Climate majorly regulates the breeding period of the arrow crab. Seasonal variation of water temperature and sunlight duration are considered as the most important variables determining the breeding period of arrow crabs.[13]

There is a positive relationship between fecundity and the size of the parental female.[6] In fact, the size of the female is the key variable in determining the number of eggs per batch. The female also determines the reproductive output of arrow crabs.[14]

Larval Stage[edit]

Larvae that have grown in shallow water differ from larvae that grow in deeper water. The key difference is in the setation of the endopodite of the maxilla.[15]

Taxonomic history[edit]

Stenorhynchus seticornis was first described by Johann Friedrich Wilhelm Herbst in 1788, under the name Cancer seticornis. It was also described as "Cancer sagittarius" by Johan Christian Fabricius in 1793, a name which is now a junior synonym of S. seticornis.[16] Pierre André Latreille erected the genus Stenorhynchus (originally mis-spelt Stenorynchus) in 1818,[16] and S. seticornis was confirmed as the type species by the International Commission on Zoological Nomenclature in 1966.[17]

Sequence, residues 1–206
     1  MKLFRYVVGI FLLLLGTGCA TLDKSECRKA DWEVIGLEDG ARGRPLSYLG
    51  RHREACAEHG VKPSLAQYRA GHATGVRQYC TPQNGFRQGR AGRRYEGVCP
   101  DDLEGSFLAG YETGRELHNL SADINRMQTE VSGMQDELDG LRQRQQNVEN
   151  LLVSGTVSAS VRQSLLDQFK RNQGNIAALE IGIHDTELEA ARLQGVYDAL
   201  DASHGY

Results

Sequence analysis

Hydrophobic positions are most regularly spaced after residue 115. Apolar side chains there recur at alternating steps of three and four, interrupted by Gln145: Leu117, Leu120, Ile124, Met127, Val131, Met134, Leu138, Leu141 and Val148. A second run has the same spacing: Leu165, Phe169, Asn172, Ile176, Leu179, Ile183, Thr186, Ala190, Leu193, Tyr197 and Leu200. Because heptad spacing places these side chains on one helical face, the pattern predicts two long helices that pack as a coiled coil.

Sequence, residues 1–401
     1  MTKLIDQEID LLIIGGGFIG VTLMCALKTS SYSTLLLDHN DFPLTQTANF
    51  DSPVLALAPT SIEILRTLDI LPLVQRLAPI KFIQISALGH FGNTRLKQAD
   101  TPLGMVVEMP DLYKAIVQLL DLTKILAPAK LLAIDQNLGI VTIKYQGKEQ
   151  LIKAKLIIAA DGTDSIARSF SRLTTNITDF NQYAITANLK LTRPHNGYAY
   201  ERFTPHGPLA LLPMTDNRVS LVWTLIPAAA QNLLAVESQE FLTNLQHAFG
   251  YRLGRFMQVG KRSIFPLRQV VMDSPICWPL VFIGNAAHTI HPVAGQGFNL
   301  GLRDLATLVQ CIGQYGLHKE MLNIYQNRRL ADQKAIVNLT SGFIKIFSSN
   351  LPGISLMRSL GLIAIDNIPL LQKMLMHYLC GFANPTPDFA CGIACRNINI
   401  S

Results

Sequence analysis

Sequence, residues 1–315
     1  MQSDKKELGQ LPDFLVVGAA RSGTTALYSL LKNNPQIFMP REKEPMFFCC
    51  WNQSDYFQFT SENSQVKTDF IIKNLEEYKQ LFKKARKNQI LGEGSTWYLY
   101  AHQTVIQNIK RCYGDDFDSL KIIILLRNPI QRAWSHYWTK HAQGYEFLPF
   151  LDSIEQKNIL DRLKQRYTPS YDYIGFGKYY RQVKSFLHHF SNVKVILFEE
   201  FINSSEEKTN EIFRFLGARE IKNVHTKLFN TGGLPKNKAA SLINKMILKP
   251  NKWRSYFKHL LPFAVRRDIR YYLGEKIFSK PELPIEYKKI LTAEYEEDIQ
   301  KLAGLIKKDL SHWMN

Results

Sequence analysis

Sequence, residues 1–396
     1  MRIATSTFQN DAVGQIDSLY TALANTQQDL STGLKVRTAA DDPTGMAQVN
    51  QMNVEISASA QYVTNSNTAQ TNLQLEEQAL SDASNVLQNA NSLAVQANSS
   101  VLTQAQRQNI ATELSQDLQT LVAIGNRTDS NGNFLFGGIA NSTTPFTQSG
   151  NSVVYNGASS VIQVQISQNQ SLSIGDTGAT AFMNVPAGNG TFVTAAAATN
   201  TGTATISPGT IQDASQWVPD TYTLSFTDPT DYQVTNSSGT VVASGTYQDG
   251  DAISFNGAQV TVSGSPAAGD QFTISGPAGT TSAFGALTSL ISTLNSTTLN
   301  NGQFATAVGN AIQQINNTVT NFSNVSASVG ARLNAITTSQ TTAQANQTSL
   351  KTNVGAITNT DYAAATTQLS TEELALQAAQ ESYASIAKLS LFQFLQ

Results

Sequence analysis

References[edit]

  1. ^ Gilbert L. Voss (2002). "Family Majidae. The Spider Crabs". Seashore Life of Florida and the Caribbean. Courier Dover Publications. pp. 116–119. ISBN 978-0-486-42068-4.
  2. ^ George Lewbel, George S. Lewbel & Larry R. Martin (1991). "Crustaceans". Diving Bonaire. Aqua Quest Publications. pp. 105–108. ISBN 978-0-9623389-4-6.
  3. ^ a b c Eugene H. Kaplan & Roger Tory Peterson (1999). A Field Guide to Coral Reefs: Caribbean and Florida. Volume 27 of Peterson Field Guides. Houghton Mifflin Harcourt. ISBN 978-0-618-00211-5.